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Weekly Market Update for May 13, 2022

by Jim Ulland

Even with a strong market on Friday, the S&P 500 recorded its sixth-straight weekly loss. This is the longest period of decline since 2011. Why is the market so terrible? There are eleven million open jobs, corporate profits from Q1 were up 10%, unemployment filings were near historic lows, and it looks unlikely that Europe and the US will be drawn into a conflict with Russia via Ukraine. However, the fear of recession over-shadows everything.

The Fed Governors seem to want to “scare us straight.” Perhaps instead of scaring the market, they could scare Congress into more budget discipline. Strong demand for goods and services pushes prices higher, especially where there are Covid or supply chain related shortages. As an example of Congress’s lack of help in getting demand/inflation under control, next week $40B of military and humanitarian aid is going to the Ukraine. All are sympathetic to Ukraine, however, $40B is about half of what Russia spends in its defense budget annually. Congress is unrestrained in its willingness to help anything but inflation.

Some argue that the CPI report this week, which showed a slight reduction in the rate of inflation, may signal a peak. If so, it will be a peak at a very elevated level. Consumers see inflation daily with food prices up 11% in the last twelve months and gasoline over $4. The consumer sentiment report from the University of Michigan hit a low not seen since 2011. 70% of the economy is consumer related so a negative view by consumers can slow an economy quickly.

China has added to the inflation problems by going to a zero-tolerance policy on Covid. Their lockdowns of entire cities have disrupted supply chains just as the damage of Covid disruptions was being repaired. Fortunately, China’s disruption will be resolved soon.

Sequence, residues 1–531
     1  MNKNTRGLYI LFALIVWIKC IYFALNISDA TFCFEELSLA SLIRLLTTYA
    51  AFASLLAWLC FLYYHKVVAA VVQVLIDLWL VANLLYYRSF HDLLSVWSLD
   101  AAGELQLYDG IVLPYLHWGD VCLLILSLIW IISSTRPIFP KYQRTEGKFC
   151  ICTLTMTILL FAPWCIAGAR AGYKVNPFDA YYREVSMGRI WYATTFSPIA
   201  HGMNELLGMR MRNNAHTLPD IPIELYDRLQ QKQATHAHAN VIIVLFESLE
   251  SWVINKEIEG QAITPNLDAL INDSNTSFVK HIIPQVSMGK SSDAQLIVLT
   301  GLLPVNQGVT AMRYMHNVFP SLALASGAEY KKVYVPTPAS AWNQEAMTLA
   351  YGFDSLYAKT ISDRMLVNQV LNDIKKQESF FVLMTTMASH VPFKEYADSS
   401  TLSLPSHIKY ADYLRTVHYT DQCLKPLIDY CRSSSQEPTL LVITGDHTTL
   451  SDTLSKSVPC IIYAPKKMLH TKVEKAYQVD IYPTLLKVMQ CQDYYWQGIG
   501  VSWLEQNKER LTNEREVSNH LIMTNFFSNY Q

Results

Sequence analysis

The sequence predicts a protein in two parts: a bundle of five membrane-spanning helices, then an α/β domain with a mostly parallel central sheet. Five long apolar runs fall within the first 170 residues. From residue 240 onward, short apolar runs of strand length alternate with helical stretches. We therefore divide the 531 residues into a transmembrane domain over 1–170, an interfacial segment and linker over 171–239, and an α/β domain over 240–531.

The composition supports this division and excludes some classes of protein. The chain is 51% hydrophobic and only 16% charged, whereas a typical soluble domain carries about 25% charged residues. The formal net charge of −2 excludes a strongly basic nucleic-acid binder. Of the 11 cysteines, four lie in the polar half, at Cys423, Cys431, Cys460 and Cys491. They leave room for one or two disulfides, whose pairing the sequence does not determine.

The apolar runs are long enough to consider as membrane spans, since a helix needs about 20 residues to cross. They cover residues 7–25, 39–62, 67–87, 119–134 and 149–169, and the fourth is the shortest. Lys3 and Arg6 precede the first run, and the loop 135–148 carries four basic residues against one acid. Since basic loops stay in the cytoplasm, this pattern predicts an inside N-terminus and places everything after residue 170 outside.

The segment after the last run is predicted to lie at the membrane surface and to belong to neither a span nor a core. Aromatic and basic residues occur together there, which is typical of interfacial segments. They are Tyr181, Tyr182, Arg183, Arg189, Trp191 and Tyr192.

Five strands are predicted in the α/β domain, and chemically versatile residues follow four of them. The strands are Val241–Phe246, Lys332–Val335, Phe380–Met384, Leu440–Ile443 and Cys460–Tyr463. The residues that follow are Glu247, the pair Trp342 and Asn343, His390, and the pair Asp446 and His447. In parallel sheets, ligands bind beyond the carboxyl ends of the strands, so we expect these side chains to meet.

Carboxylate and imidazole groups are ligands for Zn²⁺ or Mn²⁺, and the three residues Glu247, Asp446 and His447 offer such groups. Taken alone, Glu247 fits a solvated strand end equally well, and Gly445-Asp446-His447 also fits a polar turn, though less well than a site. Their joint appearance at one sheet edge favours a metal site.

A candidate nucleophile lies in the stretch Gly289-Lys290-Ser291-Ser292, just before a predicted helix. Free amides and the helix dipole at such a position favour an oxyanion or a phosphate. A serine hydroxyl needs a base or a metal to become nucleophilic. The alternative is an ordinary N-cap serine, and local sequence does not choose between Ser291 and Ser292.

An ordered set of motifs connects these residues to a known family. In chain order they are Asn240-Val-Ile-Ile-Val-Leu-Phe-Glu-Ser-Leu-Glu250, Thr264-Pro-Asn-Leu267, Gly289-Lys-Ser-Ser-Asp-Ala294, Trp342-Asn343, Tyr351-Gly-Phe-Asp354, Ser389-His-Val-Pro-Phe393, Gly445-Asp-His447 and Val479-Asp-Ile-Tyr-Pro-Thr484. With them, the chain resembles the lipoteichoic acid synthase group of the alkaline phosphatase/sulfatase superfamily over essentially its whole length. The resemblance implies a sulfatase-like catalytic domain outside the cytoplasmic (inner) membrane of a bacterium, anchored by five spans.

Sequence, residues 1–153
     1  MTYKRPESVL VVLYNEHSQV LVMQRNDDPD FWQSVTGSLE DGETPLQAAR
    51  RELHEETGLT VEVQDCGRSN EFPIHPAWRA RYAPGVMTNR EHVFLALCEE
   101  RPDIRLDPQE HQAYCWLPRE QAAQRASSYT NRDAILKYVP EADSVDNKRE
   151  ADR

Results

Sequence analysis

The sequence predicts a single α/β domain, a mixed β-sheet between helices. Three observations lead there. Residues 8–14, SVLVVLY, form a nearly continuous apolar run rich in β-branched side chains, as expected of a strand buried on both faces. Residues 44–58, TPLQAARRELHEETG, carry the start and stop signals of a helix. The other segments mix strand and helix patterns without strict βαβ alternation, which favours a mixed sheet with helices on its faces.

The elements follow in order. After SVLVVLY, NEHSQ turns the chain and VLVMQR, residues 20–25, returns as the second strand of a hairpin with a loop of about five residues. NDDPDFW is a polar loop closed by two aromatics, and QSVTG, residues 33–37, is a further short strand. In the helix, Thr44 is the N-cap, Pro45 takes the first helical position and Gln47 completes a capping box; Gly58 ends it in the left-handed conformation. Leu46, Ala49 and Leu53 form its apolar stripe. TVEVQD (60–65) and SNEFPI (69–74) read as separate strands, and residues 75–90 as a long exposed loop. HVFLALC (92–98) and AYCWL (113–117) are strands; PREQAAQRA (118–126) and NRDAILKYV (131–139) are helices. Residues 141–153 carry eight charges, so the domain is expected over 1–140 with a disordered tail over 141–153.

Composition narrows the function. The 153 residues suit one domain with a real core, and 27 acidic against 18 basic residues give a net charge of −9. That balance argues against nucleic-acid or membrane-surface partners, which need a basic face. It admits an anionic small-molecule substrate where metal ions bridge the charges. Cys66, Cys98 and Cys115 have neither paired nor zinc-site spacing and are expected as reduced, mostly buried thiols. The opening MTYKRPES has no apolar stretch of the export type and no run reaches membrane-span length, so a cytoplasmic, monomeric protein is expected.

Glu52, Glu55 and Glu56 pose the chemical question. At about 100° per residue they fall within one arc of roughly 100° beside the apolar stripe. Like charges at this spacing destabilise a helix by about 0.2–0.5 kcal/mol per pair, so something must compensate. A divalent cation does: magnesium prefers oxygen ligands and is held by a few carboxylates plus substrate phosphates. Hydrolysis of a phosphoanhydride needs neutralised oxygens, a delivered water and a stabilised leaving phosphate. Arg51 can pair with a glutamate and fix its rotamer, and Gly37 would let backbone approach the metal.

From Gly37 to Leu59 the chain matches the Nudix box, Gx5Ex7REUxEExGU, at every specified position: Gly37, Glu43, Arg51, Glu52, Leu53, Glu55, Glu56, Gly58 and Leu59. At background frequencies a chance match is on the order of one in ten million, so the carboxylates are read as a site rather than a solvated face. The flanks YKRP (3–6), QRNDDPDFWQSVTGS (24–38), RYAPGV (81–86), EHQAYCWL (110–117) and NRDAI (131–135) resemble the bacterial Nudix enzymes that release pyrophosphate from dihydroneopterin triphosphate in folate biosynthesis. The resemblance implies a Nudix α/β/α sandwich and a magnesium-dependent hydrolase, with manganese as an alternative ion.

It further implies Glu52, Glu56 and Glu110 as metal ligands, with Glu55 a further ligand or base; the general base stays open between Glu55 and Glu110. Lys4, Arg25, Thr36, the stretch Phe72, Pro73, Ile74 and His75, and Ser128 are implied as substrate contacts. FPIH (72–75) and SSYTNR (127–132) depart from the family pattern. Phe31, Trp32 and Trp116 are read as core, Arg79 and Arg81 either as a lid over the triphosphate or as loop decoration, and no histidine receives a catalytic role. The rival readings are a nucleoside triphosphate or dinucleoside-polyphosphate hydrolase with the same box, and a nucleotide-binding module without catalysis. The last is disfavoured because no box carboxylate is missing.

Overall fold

What could change the market sentiment? First, if May’s CPI report shows a meaningful decline in the rate of inflation from April, the market will adopt the view that the rate of inflation has peaked. If that occurs, the Fed will have less reason to raise rates even higher than the planned 0.50% hikes in June and July followed by a series of 0.25% ones. Second, if China lifts its Covid restrictions, some supply disruptions will be resolved, reducing inflationary pressure on many products. Third, should there be peace talks in the Russian/Ukrainian conflict, a flood of optimism will be created. Finally, if the series of weekly declines of the SP500 ends, the market, which historically has looked six months ahead, may signal that we only need six more months of patience to get through this decline.

For the week, the S&P 500 was down -2.41% and the NASDAQ -2.80%. Monday the S&P 500 was down -3.20%, Tuesday +0.25%, Wednesday -1.65%, Thursday -0.13%, and Friday +2.39%.

Next week, Housing Starts for April will be reported. The 30-year mortgage rate is now 5.5% which will slow housing at some point. Preliminary Q1 GDP in Europe will be released and may show a major slow-down. April Retail Sales in the US also will be reported. These too will slow soon.

The information contained in this commentary is not investment advice for any person. It is presented only for informational purposes to assist in explaining factors that may have had an impact in the past or may have an impact in the future on client portfolios or composites. All expressions of opinion reflect the judgment of the firm on this date and are subject to change. Included information has been obtained from sources considered reliable, but we do not guarantee that the foregoing materials are accurate or complete. Investors should contact Ulland Investment Advisors for individualized information prior to deciding to participate in any portfolio or making any investment decision. Ulland Investment Advisors does not provide tax advice. All investors are strongly urged to consult with their tax advisors regarding any potential investment.

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